• Fills in gaps in go.string.* after initial analysis, based on strings being ordered by ascending length.


This can be found in the PCode category in the Script Manager.

    • Prints high P-Code output for the currently selected function to the console, with a selector for the decompiler simplification style to use.

String Recovery Flow

Here’s the general flow for using these scripts to recover string definitions in a Go binary:

1. Clear all automatically defined strings in the .rodata (ELF) or .rdata (PE) memory block. The goal is to eliminate incorrect string definitions caused by the lack of null terminators.

1.1. In the “Defined Strings” window, add the “Mem Block” column to the display

Selecting enabled columns in the Defined Strings window

1.2. Create a filter on the memory block column to only show strings in the target block

Conditions for filtering strings by memory block

1.3. Select all strings in the window, then in the listing right-click and choose “Clear Code Bytes”

Clearing all .rodata strings

2. Run or

Running on an example program

3. (Optional) Run to detect some standard strings.

Output from the script

4. Run

Output from the script
  • If it detects false positive short strings (strings that violate the ascending length order), clear them and re-run the script. There is an option to do this automatically.
  • There’s an option to allow the script to define strings even when a unique set of string lengths can’t be identified, as a last resort. Specifically, there’s one rule that checks if a gap’s size is evenly divisible only by a single string length. It’s possible there are actually strings of different lengths in the gap, but this works often enough to be useful. I recommend running the script without allowing false positives until all the short strings have been fixed.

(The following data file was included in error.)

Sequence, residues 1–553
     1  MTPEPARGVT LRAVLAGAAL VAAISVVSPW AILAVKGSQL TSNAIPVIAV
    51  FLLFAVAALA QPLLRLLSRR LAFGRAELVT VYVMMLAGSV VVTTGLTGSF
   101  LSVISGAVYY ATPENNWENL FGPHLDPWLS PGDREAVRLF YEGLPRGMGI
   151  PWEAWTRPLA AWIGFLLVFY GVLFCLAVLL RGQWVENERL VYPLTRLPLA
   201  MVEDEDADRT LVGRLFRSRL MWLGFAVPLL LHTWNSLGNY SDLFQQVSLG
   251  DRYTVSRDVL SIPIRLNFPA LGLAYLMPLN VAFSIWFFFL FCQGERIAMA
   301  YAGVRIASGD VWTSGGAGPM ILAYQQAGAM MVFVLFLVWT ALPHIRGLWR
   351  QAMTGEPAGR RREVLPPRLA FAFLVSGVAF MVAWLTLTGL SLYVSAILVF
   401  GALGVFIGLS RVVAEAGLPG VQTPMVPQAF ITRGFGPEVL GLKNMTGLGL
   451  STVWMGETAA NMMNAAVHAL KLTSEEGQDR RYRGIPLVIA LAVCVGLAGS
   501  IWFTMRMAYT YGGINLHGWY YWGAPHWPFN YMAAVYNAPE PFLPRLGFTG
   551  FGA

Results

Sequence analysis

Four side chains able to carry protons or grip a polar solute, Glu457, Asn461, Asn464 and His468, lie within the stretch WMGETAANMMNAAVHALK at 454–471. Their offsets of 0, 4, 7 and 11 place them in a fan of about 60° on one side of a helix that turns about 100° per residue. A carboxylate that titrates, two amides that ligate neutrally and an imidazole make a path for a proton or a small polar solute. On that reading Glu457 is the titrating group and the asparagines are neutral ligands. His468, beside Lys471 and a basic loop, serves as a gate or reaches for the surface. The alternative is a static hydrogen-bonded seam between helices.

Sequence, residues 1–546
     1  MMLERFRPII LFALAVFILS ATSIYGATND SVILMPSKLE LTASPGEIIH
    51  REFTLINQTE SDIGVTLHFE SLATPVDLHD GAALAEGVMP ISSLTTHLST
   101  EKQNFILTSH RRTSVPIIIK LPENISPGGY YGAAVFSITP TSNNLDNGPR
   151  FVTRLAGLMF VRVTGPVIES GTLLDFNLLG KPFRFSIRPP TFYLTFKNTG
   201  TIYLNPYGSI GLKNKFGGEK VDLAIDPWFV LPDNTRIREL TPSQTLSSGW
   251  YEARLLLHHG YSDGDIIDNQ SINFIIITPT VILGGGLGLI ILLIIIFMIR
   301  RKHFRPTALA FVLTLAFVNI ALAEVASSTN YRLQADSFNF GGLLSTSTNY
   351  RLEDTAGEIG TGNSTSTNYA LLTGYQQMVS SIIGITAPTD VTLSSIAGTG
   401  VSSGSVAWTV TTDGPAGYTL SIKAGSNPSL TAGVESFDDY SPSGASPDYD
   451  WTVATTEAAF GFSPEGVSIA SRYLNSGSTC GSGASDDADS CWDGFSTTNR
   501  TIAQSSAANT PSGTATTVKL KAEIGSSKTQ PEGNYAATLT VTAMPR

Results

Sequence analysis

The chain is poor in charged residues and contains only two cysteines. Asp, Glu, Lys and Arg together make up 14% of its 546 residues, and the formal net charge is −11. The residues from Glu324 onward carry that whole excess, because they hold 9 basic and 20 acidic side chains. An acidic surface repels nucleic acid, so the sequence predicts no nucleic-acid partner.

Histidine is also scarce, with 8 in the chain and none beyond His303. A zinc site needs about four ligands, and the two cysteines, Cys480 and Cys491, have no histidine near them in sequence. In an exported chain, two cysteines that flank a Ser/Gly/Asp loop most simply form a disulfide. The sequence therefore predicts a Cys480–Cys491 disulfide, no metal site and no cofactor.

• If the binary is stripped, locate the area of one byte strings found by the dynamic strings script. Ensure it’s the start of the grouped together non-null-terminated strings (more strings should be defined after with length in ascending order). Create the label go.string.* at the first one byte string. 

5. Check for remaining gaps in go.string.*, and define any strings with obvious start and end points. Sometimes defining one or two strings and re-running is sufficient to fill in remaining gaps.

Manually defining the individual string “write”. Here there are 60 bytes of undefined data in between a 5 byte and 6 byte string, so there are multiple possible length combinations, including twelve 5 byte strings or ten 6 byte strings.

Re-running the filler script after defining the “write” string. Now the remaining undefined data exists between two 5 byte strings, so all strings in between must also be 5 bytes long.

6. (Optional) Re-run Ghidra’s built-in ASCII String analysis tool.

  • Disable overwriting existing strings. Run with and then without the null terminator requirement.